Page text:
The culprits left the finger but took the lead.
Who would try to kidnap Abraham Lincoln? Were they fans of Stephen A. Douglas, still skinned by the debates? Or maybe progressive millennials with new grievances?
The police had little hope of finding the answer.
In the follow-up section of the police report, Constable Rob Atkinson said he would check the area for white trucks.
“I love this statue”
If the statue was a surprising sight before the madness, it became so afterwards.
Residents wondered if Headless Abe had been driven into the coconut by a falling branch. Others thought he was one of the first props for Halloween.
Dynes considered replacing the concrete head with a wooden head. A friend contacted a carpenter but, perhaps luckily, he said he couldn’t do it.
A neighbor offered $ 20 for the transplant, but Dynes didn’t feel good about taking the money without knowing how he would spend it.
Resident Brenda Kella broke down in tears when she learned what had happened to her beloved President. Whenever she visits a nearby mall, she gets out of her way just so she can get past politics.
“I’ve never seen anything like it before,” she said. “I love it. I love this statue.
Kella, who has loved Lincoln since kindergarten, said she was struck by his kind demeanor and penchant for storytelling.
She has all kinds of Presidential material: puzzles, bookends, a brass bank, even socks. She has another item that could have solved Dynes’ dilemma: a bust of Lincoln.
After two months with his head of state beheaded, Dynes had had enough. He paid $ 140 for a large banner that he hung between two trees next to the statue.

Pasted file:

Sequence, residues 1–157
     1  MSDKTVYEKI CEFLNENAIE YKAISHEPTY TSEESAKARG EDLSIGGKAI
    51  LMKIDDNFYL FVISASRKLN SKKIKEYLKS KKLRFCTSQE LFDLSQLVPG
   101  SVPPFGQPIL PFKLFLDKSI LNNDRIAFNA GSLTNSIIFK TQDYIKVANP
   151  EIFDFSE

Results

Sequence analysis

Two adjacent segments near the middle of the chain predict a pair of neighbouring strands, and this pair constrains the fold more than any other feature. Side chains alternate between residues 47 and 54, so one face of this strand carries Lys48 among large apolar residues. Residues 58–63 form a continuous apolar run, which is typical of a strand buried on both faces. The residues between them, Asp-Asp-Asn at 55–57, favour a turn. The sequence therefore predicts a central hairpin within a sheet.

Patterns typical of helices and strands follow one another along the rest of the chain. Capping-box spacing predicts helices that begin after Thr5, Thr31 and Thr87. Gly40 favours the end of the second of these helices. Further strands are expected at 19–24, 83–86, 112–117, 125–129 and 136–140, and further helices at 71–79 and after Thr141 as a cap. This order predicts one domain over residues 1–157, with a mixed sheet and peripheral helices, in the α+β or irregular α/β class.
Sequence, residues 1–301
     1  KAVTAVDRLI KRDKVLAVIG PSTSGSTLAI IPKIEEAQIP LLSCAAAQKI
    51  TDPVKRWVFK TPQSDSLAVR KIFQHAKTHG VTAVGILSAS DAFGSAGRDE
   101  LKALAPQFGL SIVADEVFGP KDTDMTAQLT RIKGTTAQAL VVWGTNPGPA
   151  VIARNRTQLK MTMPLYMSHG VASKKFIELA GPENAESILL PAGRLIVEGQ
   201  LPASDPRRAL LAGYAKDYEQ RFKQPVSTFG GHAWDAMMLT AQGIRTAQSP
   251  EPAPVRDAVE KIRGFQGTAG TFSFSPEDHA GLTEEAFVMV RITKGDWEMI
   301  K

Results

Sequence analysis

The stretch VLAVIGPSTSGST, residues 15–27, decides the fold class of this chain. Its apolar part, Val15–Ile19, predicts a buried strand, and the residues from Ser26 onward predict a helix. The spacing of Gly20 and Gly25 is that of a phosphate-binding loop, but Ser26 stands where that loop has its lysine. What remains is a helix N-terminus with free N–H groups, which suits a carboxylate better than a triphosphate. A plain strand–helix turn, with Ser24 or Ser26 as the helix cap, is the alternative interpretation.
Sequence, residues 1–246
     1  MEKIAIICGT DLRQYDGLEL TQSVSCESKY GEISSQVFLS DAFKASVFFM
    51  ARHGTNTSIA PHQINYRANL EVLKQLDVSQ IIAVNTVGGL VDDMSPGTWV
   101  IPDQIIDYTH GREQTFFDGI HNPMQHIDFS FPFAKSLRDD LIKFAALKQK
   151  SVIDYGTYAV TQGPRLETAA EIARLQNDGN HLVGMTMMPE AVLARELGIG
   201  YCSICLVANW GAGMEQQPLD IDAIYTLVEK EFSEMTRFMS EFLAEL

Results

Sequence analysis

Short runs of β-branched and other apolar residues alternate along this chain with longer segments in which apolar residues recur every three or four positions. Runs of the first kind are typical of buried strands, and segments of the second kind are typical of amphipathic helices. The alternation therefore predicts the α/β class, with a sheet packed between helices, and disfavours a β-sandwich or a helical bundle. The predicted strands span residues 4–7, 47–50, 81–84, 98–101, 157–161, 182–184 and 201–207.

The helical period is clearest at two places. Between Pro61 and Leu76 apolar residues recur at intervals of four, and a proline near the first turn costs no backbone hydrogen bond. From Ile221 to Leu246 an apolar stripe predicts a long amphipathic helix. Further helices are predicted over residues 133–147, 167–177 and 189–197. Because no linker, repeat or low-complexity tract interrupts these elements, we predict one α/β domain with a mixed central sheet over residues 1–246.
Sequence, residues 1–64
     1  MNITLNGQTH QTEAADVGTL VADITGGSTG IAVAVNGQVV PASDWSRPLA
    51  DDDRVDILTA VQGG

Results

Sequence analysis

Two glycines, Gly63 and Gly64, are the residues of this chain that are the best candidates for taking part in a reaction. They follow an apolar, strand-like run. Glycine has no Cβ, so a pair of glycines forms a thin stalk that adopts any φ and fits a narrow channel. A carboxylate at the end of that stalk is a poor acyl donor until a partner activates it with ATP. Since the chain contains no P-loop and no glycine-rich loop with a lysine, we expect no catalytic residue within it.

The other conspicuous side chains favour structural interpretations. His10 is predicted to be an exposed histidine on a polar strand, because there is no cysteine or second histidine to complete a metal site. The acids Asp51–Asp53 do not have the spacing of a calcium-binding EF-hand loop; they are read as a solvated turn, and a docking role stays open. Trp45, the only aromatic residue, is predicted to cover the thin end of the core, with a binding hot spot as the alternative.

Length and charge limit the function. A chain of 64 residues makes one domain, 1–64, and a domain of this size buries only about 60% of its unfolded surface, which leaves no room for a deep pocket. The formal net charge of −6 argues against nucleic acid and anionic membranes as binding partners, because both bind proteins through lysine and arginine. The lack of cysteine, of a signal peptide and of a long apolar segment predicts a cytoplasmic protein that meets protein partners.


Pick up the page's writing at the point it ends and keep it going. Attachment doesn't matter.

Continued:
“Beautiful story destroyed by vandalism”, he said. “Please bring my head back. Shame on you.”
The banner also showed what the statue couldn’t – the bearded face of the Illinois rail splitter.
It wasn’t a Gettysburg address, but Lincoln would have appreciated the brevity. Also, like the famous speech, it apparently stirred someone’s soul.
Shortly after hanging the banner in September, Dynes received a visitor to his modest home. The stranger was holding something in his arms.
âHere’s your face,â he said.
The man, who was in his 30s, told Dynes that a friend took the nob on a drunken jaunt. The friend refused to return it, so the man took it upon himself to do so.
Dynes was not angry but grateful.
âI’m glad they didn’t throw it away,â he said. “It looks 100% better.”
The man who returned the head has a fine sense of history. He brought it to Dynes on October 11. He had been missing for four tens and seven days.
A figure is still missing from the statue. Her finger is resting on the table in Dynes’ kitchen. The owner has to run to the store to buy glue.
But Abe’s rest are seated in the courtyard, as solid as the neighboring oak trees that give her shade. With his head tied and wearing straight, he reset his gaze to a nearby Sam’s Club.
With the weight returned to his shoulders, what relief is sought by our struggling president?
Does he dream of wandering the aisles of the cavernous store, looking for a case of his beloved corned beef and cabbage? Or, more likely, is it heading straight for the home security service?